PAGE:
"You don't have to do it justice, you just have to do it" James McNicholas shouts at Lucy Woolliscroft, who protests at having to condense the entirety of Shakespeare's "hard-core" Hamlet to a single sketch. Unfortunately this statement could sum up proceedings.
One of the West End's longest running comedies, Reduced Shakespeare Company's The Complete Works of William Shakespeare (Abridged) played the Criterion for nine years. Their script has since been cut free and produced around the globe. This production finds itself at the New Red Lion - the first time the comedy has been revived in London.
Having updated the script McNicholas, Woolliscroft and Owen Roberts certainly approach it with gusto, but the overall picture is one of chaos. The comedies are reduced to a presentation, the histories to a rugby match, the sonnets find themselves abridged to a single double sided piece of paper.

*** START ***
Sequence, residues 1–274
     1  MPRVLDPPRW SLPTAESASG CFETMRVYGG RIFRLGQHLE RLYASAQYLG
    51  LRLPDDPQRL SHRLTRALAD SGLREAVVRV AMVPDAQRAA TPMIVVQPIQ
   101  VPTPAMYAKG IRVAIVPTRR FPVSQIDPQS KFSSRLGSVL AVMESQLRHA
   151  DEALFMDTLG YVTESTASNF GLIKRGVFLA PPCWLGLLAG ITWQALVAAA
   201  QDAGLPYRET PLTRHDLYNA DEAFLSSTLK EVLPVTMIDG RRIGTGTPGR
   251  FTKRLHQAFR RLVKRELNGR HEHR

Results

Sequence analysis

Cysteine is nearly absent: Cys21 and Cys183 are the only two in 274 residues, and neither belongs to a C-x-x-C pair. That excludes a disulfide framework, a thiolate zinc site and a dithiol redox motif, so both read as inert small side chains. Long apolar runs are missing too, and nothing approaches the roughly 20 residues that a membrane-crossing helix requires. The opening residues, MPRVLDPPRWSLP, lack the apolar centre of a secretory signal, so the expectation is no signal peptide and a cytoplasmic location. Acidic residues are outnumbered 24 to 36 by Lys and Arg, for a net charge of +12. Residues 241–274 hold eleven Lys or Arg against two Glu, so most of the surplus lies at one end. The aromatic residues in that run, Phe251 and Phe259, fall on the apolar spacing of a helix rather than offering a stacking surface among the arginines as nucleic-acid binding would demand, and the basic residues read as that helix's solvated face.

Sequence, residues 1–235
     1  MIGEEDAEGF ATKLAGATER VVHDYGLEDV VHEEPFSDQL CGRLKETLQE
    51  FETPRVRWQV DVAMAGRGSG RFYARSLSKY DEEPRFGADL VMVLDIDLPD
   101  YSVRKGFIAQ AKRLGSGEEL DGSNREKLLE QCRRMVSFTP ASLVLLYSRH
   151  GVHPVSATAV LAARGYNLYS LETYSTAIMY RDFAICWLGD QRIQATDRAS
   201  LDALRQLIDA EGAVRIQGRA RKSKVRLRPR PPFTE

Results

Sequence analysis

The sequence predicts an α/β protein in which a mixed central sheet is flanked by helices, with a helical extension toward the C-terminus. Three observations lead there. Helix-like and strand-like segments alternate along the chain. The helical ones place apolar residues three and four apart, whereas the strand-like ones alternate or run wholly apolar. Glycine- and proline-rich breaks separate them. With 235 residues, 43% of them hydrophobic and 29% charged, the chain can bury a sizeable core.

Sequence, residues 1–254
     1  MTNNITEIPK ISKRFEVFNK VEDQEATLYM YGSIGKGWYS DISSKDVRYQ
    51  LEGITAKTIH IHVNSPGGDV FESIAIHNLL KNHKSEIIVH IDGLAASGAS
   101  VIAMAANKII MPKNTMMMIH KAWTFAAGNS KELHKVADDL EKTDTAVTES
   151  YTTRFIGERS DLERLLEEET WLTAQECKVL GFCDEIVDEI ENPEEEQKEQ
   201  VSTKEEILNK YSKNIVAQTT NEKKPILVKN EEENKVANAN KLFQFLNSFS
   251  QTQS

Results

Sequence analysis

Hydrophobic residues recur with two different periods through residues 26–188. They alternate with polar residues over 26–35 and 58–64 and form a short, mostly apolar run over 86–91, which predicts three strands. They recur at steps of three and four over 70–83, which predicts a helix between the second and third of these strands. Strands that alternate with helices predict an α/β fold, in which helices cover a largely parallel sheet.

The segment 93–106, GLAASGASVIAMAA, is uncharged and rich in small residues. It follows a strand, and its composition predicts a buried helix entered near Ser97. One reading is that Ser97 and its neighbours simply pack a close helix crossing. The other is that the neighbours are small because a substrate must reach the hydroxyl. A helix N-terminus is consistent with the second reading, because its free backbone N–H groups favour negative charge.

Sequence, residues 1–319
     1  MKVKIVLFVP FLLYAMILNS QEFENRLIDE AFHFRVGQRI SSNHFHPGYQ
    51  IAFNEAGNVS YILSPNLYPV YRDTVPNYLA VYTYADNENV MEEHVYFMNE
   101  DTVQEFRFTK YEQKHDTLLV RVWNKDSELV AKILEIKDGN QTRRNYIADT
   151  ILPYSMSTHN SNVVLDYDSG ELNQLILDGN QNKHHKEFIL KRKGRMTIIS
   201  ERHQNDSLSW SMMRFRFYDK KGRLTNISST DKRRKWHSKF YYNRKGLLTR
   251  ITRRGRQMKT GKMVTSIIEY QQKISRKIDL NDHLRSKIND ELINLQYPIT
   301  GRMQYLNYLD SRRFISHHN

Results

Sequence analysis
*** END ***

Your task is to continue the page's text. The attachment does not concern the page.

At best the trio come across as over-enthused presenters, often as something far less polished. The slap-dash nature of the piece should be carrying the farce of it all - how could the Bard's entire canon possibly be condensed into a mere two acts? - but for the most part we see lukewarm Shakespeare performances with the parody hampered by clumsy delivery.
McNicholas delivers a redeeming performance, abandoned by his comrades he does a solid job of entertaining his audience. The piece's constant references to expecting Kevin Spacey to walk in make a poor running gag.
Woolliscroft surprises, giving a glimpse of the Shakespeare performance the company are capable of delivering in the second act. Unfortunately the majority of her time on stage leaves the audience in perpetual fear of her unleashing another - inexplicably amplified - shriek.